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Acne and eczema flare-ups in the winter: what you need to know

December 2, 2021 • read

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Acne and eczema flare-ups in the winter: what you need to know

Winter weather can be a disaster for your skin. While it might seem obvious that indoor heating and dry winter air would cause dry skin, itching, flaking, and intensify your eczema so much that you may need eczema treatment, many complain that winter weather also aggravates acne. If you’re wondering what triggers your winter eczema or seasonal acne and how to counteract it, you’ve come to the right place. Here’s how the coldest season affects your skin and what you can do about it.

What is acne?

Acne is incredibly common. It’s most likely to happen during the hormonal surges of your teenage years — thank you puberty – but any hormonal fluctuations can trigger it, like those surrounding pregnancy and menopause as well as certain medications. Acne affects about 20% of Canadians — everyone from babies to seniors. 

A variety of factors can contribute to acne, but its underlying cause is the same for everyone. Your skin produces an oil called sebum as part of its natural moisturizing process, especially the skin on your face, back, and shoulders. Whiteheads and blackheads happen when this sebum builds up inside your pores, mixing with dead skin cells and causing a clog. 

To end up with a pimple, you have to add in the bacteria propionibacterium acnes, which is present on everyone’s skin and feeds on sebum. Almost everyone gets the occasional pimple, whitehead, or blackhead. If you have chronic acne, however, your skin produces excess sebum, making clogged facial pores more likely. 

Often, propionibacterium acnes get trapped in these clogs, triggering an inflammatory immune response from your white blood cells. The pustules and redness that are the hallmarks of acne are actually part of your body’s immune response to propionibacterium acnes bacteria infecting your pores. The resulting pus is actually a mixture of white blood cells, dead skin cells, and dead bacteria.

What causes acne in the winter?

While summer humidity and all that sunscreen might seem like the perfect storm for acne, many report that winter air and harsh indoor heating inflame their acne too. It might seem counterintuitive that cold, dry air causes seasonal acne, but these harsh conditions compromise your skin’s natural moisture barrier. Your body responds by producing more sebum to protect and hydrate your skin. And, since propionibacterium acnes feed on sebum, more sebum causes it to multiply, upping your likelihood of developing acne.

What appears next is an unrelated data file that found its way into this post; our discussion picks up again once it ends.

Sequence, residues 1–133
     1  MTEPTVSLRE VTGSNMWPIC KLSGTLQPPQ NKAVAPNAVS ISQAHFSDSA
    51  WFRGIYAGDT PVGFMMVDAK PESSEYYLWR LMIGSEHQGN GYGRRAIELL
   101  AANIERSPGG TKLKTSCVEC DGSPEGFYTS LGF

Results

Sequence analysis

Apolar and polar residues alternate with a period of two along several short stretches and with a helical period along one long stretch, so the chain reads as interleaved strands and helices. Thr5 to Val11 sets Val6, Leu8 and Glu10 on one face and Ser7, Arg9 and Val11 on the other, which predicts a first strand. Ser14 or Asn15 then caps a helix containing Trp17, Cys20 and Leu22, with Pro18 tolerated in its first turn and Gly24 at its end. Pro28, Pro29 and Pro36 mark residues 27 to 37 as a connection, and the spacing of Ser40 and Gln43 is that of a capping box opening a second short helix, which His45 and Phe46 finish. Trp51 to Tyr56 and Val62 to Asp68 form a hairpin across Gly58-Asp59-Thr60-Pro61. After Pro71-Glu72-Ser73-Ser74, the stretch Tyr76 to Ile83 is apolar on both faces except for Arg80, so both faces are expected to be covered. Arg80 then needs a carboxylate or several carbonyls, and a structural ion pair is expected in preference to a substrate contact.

What is eczema?

Eczema, or atopic dermatitis, is not contagious. It’s a chronic, pruritic (itchy), inflammatory disease that causes two main issues. The first is a defective skin barrier which is less effective at keeping moisture in and harmful substances out. The second is an immune system which causes the skin to overreact to harmless substances. This results in inflammation, lesions or rashes, redness, and itching ranging in severity from mild to so itchy that you may have trouble sleeping, and even scratch to the point of bleeding. Eczema can appear on different areas of the body — from your scalp to your eyelids to your toes, and it can be localized or widespread. It’s classic presentation, however, is appearing on the hands, head, neck, insides of elbows, and behind the knees.

Doctors aren’t quite sure what causes eczema, but they do know that both genetics and environmental factors play a role. They also know that eczema often goes hand-in-hand with hay fever, asthma, and allergies. While there’s no cure, some children with eczema can outgrow it, and there are a number of effective remedies, from light therapy to prescription eczema treatment.

What causes eczema in the winter?

You might find that you’re able to keep your eczema under control during the summer months. The winter, however, is extra challenging, and many notice their eczema worsening as the temperature falls. Your skin has a natural moisture barrier called the stratum corneum (SC). This barrier is responsible for keeping good things in (like moisture) and bad things out (like bacteria). 

Dry winter air is harsh on most people’s skin and can compromise your SC, allowing more moisture to escape. Because of its defective skin barrier, however, eczema makes it hard for your skin to retain moisture. This means your skin cells tend to get dehydrated and lose elasticity. This difficulty retaining moisture coupled with a lack of moisture in the cold weather can cause dry skin and rashing, flaky skin, extreme itching, and even bleeding. Beyond the dryness though, there are additional triggers. 

What triggers winter eczema and how do you prevent it?

It’s normal to crave warm, toasty environments during the winter months, making you want to layer up. But, those additional blankets and multiple layers can result in overheating and sweating. When you sweat, your body secretes minerals that can irritate broken eczema skin. 

Additionally, damp, sweaty clothing can cause friction, setting off your sensitive eczema. Certain fabrics that you’re more likely to wear in winter — especially wool — can also be too rough on skin, which is why it’s best to choose cotton linens and clothing when possible.